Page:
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Back to School: Backpacks, Books & Bots

Universities brace for increase in security breach attempts as students - and profs - return to campus

The annual back-to-campus ritual this semester may carry a little extra baggage: A Storm worm variant may also be along for the ride, tucked away in the student's laptop.

Brian Kelly, director of information security for Quinnipiac University, is gearing up for the threat this week as students begin converging on the Hamden, Conn., campus. Kelly says he expects the majority of the private college's around 7,000 students to have some variant of the prolific Storm worm on their laptops when they move in next week -- even though Quinnipiac issues the machines to students, along with a standard software "build."

"Storm was originally propagating over P2P [peer to peer], with spam, and now a lot of Websites have it. So we expect that [the students] may be bringing that in," Kelly says. "So we have to make sure we have scripts for those types of signatures."

Kelly says Storm poses the biggest virus and botnet-infection risks to students, but he's confident that Quinnipiac's portal for client machines -- which he calls a "poor man's NAC" -- will clean up any infected machines before they connect to the campus' 802.1X-based wireless LAN.

Alert Logic, an IPS and vulnerability assessment application service provider that has a large number of education customers, says there's typically a tenfold increase in security incidents such as worms and Trojans on college campuses and in other academic settings in August and September, when school starts up again. "All our [customers] are dreading August and September," says Scott Hollis, director of product management for Alert Logic. "They tend to see a tenfold increase then as students and teachers come back. It levels off after that."

There are about one or two attack attempts per day at educational institutions during the summer, Hollis says, but that number jumped to 40 or 50 attempts per day in August and September of last year.

University security pros such as Kelly are holding their breaths to see what their new security challenges will be this year on campus. It's not that they face different exploits or vulnerabilities than the corporate world. It's that they must somehow strike a delicate balance between preserving campus openness with the increasingly meaner streets of cyberspace. (See Report: Web 'Mean Streets' Pervasive.)

Some, like Quinnipiac and the University of Missouri-Columbia, require that student laptops get vetted before they hit the network via special health-check portals. Missouri-Columbia's IPSs, for instance, automatically quarantine bot-infected machines that try to initiate an Internet Relay Chat (IRC) session, and send them back to the university's registration portal to get cleaned up. (See University Cleans Up Bots on Campus.)

Many colleges and universities segment their networks, securing the staff and research portions while leaving the student segment to the students, Alert Logic's Hollis says. "They tend to have a student network that is fairly 'dirty,' " Hollis says. "Students are constantly opening questionable emails. They tend to visit disreputable Websites. They use P2P, and instant messaging heavily... They generally have poor Internet hygiene."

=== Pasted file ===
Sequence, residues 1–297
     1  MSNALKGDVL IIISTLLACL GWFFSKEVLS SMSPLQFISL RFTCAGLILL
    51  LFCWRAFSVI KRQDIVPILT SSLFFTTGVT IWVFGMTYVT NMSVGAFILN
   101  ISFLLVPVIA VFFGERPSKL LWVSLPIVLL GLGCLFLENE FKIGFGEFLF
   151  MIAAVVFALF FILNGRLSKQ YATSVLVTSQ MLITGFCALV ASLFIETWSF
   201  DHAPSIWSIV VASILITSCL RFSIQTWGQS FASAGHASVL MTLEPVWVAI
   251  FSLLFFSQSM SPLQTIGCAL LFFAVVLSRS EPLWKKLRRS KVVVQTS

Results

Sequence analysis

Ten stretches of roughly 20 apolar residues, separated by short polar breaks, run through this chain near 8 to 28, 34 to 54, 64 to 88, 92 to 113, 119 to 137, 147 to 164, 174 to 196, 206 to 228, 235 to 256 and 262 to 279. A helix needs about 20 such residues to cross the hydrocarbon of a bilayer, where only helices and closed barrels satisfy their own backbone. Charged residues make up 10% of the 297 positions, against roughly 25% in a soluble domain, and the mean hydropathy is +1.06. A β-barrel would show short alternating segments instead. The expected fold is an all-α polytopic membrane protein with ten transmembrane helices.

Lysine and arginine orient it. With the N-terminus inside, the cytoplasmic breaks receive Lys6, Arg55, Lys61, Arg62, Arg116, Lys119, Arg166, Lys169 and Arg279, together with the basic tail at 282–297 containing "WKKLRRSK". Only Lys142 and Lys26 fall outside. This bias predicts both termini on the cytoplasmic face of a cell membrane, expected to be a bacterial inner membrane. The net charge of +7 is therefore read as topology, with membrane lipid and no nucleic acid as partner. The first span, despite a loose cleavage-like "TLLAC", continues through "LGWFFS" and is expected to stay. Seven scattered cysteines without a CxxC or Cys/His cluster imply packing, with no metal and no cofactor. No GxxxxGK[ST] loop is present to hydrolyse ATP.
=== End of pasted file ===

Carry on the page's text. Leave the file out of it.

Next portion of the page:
"They [universities] may recommend that students are running AV and personal firewalls on their desktops, but very few are mandating it," he says. "Keeping DAT files is hard to do. They just don't have the budget and are understaffed."

The latest strategy is to make security a "cool" thing on campus. "I can't solve every possible contingency with technology," says Quinnipiac's Kelly, who is also adding IPSs to the network in the next few days. "This year, we're focusing on cultural issues with security-awareness training."

That means making security more personal, so the students don't just pay lip service to warnings about opening suspicious emails, or put their birthdates and physical addresses on their Facebook sites. "If I say, 'you need to update your AV,' they will say they don't care," Kelly says. "But when I say you could lose your work or your identity, they perk up and listen more."

Of course, it can be a challenge to make security "cool" in a place where self-control is constantly tempted by new freedoms, new technology, and loads of free time.

"College students today think they are computer geniuses. But they don't know what they don't know," says Richard Bunnell, senior security engineer with MassMutual Financial Group, which has an outreach program with nearby universities in New England to raise security awareness. "Many are still giving out way too much information on their Facebook accounts, he says, and still don't "get" digital rights management issues associated with downloading music illegally.

Interestingly, universities aren't especially worried about the wave of BlackBerries, iPhones, and iPods students are schlepping along with them -- for now, anyway. "Most incidents are on their other equipment," not the handheld devices, Hollis says.

Quinnipiac University, for instance, last year had a botnet outbreak that occurred after students returned with their laptops from winter holiday break. But its biggest security headache was a virus that spread in the wake of the Symantec AV client vulnerability, Kelly says.

And it's not just the students that universities must worry about. "Teachers have laptops, too, and they are pulling those assets offsite, using them at Starbucks and on home cable modems and DSL. They pick up Trojans and then walk back into the staff [campus] network with them," Alert Logic's Hollis says. "We find the incidents universities care about are mostly introduced by staff."

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